Monday, September 14, 2009

The Plastics

This weekend was a hard one for me. I can live with being a "Football Widow," but this past weekend everything came to a head. I am not a fan of Fantasy Football, not because I actually hate the game of football, but because it is not just ONE team you have to watch. It's all of them (which translates to an entire day of football). It usually takes me a few weekends to make peace with this, then I'm done. I'm going to let it go after this. My husband also coaches high school football and honestly I like that he does this. Their first season game kicked off on Saturday. I love that he participates in the community and sets a good example for our kids. My kids also love that he's a coach. They can't wait to go to a game and be able to head down to the field during halftime to tell the world this is my dad.

Every mother wants their kids to be proud of them, especially when it comes to our little girls. We want them to be as proud of us as we are of them. We like to think that we are setting good examples for them on how to be good happy people. Out of the blue this weekend while my daughter was just sitting on my lap she said "Mommy, I hope when I grow up I never ever look like you because you are fat." I was speechless. For the first time in my life, I didn't know what to say. All I could initially muster up was "That's not very nice to say" at which she added "When I grow up I want to look like my Auntie L because she is so skinny." Auntie L, as I'll call her, is my skinny little sister who I think deep down thinks that overweight people are to be secretly judged. She's never said anything to me, but I hear what she says in passing to the skinny and even younger sister of ours.

That last part iced my cake. It's not like she said it to be mean, because we were just hanging out. She said it because that's what was on her mind as she sat on my lap. Did my sister subconsciously or worse consciously veer her on this path?? My daughter and I talked about it again at some length, but I don't think she really gets the magnitude of what she said. It's not that she just said it about me; I could get past this. It's that she is beginning to view people as skinny, normal and fat. I remembered that after I had the baby last year she asked me "Why are you bigger than the other mommies in my class?" I should have known right then and there that it's not just the kids in class that are making impressions on the kids.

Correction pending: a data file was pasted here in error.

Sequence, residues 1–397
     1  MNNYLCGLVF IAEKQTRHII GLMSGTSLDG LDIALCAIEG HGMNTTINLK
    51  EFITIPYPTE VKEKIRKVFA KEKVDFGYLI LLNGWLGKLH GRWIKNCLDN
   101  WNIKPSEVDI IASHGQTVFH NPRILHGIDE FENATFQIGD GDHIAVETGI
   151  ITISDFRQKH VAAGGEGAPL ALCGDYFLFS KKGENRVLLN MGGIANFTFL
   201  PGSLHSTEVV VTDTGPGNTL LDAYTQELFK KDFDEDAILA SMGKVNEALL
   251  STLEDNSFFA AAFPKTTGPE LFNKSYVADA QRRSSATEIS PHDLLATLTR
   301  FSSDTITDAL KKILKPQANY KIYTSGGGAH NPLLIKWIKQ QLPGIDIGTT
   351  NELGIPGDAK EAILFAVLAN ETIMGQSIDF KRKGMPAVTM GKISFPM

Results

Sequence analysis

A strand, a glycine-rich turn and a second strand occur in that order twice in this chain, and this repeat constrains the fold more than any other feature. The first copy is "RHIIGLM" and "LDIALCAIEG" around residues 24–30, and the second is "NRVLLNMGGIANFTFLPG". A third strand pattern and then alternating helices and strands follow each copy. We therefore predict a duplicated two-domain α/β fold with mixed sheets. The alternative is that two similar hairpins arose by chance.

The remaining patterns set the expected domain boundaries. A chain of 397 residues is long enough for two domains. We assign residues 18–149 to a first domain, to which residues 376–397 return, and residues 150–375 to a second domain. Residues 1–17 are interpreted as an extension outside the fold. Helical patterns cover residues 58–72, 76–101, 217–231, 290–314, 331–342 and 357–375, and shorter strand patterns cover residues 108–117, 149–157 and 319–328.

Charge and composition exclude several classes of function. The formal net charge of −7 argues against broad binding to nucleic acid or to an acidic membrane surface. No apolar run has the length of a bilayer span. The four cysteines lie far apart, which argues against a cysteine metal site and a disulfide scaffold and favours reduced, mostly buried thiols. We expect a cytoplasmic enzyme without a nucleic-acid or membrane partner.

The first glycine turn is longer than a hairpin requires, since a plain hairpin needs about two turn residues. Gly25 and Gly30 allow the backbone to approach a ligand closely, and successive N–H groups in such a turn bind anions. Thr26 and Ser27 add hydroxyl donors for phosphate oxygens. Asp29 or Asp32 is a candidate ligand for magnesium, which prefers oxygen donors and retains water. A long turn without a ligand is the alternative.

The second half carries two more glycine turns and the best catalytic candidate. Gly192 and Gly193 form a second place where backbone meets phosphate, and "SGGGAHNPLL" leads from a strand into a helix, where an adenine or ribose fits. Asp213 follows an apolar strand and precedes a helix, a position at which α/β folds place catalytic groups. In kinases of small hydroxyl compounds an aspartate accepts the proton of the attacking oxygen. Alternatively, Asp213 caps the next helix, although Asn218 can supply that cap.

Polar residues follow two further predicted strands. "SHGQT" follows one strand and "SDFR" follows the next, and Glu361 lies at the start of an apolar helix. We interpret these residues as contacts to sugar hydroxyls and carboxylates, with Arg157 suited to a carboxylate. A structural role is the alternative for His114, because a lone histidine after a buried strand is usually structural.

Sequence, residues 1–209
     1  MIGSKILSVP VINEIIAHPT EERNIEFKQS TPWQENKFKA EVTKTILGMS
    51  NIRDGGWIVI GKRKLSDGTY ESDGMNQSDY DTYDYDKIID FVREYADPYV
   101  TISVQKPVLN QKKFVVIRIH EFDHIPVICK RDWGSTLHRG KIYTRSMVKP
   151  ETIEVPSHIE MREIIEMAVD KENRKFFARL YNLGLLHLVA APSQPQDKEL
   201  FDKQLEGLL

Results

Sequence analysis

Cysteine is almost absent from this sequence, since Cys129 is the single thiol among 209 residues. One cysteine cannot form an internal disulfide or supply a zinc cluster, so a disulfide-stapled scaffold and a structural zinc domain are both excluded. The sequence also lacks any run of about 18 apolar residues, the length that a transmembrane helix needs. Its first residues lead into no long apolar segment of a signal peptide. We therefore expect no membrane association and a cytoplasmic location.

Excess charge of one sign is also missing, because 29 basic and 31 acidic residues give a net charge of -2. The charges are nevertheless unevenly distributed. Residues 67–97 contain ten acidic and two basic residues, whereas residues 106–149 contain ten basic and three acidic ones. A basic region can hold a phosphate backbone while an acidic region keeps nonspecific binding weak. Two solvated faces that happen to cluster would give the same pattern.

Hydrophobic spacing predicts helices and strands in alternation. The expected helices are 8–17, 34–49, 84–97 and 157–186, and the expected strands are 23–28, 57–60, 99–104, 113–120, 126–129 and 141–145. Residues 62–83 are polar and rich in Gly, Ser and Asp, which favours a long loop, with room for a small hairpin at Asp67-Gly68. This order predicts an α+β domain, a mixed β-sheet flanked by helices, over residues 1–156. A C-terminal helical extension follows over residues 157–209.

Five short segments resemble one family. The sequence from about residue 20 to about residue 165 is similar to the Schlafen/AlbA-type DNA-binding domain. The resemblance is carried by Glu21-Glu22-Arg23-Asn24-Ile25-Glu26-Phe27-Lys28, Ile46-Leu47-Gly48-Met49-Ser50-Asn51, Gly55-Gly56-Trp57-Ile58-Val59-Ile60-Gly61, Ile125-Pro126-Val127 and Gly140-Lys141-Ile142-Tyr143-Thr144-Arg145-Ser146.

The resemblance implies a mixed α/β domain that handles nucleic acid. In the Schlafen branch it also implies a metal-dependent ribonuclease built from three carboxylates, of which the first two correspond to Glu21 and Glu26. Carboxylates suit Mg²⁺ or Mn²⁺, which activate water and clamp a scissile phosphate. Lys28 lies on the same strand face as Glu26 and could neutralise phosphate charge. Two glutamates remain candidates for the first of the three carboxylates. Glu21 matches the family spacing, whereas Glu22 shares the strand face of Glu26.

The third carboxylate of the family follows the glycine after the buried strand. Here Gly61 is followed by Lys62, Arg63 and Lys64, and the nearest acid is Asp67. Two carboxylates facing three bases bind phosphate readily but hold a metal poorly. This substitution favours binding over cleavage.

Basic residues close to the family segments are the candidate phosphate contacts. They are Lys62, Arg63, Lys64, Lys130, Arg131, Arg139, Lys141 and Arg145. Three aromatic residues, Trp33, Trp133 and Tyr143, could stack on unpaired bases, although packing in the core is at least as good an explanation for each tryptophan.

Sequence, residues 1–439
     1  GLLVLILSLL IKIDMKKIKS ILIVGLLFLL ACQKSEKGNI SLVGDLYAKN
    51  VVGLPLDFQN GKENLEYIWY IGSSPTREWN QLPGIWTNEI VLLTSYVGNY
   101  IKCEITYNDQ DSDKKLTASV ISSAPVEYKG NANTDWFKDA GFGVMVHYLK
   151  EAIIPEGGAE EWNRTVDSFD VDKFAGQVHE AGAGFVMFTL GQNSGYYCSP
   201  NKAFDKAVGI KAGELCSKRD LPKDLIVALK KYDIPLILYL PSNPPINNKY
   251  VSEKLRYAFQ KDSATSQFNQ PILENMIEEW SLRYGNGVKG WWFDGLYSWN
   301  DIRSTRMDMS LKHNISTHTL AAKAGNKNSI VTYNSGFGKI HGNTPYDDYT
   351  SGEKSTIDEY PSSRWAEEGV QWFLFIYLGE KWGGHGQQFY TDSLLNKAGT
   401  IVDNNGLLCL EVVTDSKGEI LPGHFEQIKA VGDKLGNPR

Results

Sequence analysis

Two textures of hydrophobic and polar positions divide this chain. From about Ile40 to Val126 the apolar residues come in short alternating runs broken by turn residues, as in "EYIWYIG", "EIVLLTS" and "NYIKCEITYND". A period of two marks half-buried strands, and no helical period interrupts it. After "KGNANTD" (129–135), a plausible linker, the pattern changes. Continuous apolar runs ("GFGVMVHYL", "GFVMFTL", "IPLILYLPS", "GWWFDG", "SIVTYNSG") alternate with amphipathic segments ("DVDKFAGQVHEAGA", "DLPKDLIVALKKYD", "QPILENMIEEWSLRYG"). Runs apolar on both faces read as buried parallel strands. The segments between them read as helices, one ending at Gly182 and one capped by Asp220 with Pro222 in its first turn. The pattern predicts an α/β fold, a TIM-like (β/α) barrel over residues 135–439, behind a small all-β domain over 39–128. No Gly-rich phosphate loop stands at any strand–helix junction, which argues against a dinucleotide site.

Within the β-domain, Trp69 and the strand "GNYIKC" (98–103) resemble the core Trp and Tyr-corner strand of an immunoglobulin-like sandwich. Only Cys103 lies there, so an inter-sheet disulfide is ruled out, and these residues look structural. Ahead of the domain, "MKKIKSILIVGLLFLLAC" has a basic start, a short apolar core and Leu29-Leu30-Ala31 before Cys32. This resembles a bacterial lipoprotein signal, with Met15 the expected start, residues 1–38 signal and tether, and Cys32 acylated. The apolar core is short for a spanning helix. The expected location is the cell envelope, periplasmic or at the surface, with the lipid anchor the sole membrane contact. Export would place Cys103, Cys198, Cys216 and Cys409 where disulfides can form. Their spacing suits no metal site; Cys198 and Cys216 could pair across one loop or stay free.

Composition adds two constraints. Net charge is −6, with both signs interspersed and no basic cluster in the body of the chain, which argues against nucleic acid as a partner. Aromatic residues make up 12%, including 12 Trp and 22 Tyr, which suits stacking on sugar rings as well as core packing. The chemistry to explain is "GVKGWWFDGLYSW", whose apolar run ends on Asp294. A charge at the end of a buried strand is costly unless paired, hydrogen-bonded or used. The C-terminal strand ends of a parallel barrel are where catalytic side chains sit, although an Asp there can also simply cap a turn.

Today was my son's first day of 4's preschool. He was so excited to be there. Thank God for him because he still loves me just the way I am. As I dropped my son off this morning I watched some ( I say some, because I know that normal ones exist and they don't deserve to be generalized in this batch) of the SAHM's gather with their designer stroller's in tow looking way to glam for preschool. I did not see one chubby or normal mom in the group--and I looked hard. The first thing that came to mind is "There are the Plastics" which for any of you who have watched "Mean Girls" know what I'm talking about. I bit my lip as I felt my eyes begin to swell. I hope my little boy just goes on playing right past the nonsense.

My mind was racing this weekend to find a way to combat this. I'm pretty sure this stuff isn't coming from home since we've made a pretty big effort at our house to NOT use the word fat to describe people... but what if somehow it is?? Then I thought maybe it's where I'm raising my kids. I like to think where we live is pretty normal, but I know it's not. There is a lot of money surrounding us and even in these tough times there are no shortages of designer jeans and fancy shoes lining the pickup lines for kids. Maybe we should pack it up and move deep into the valley away from everything.

Regardless of how I may be feeling about myself, all kids should know the joy of growing up without judgement; in a house where people love you for you and not for what you look like. They should also be focusing on happy and healthy versus skinny or fat. There is so much time in life to doubt yourself about the way you look and who you want to be...does it really need to start at 6!?


1 comment:

  1. to quote linda perry...."you are beautiful, no matter what they say...words can't bring you down..." it's starts inside of you. you're a good mom. hang in there.

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